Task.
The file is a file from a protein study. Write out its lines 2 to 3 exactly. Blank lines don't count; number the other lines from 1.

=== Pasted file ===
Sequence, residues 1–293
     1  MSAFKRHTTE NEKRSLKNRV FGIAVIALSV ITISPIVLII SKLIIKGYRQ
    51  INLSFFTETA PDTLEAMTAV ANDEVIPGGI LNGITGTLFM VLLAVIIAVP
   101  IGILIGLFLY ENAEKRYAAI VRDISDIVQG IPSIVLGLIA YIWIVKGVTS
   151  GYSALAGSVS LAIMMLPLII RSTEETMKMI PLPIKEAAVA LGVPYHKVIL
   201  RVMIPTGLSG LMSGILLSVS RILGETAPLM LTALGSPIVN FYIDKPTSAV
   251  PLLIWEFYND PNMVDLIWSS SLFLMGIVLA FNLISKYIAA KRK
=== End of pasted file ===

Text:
     1  MSAFKRHTTE NEKRSLKNRV FGIAVIALSV ITISPIVLII SKLIIKGYRQ
    51  INLSFFTETA PDTLEAMTAV ANDEVIPGGI LNGITGTLFM VLLAVIIAVP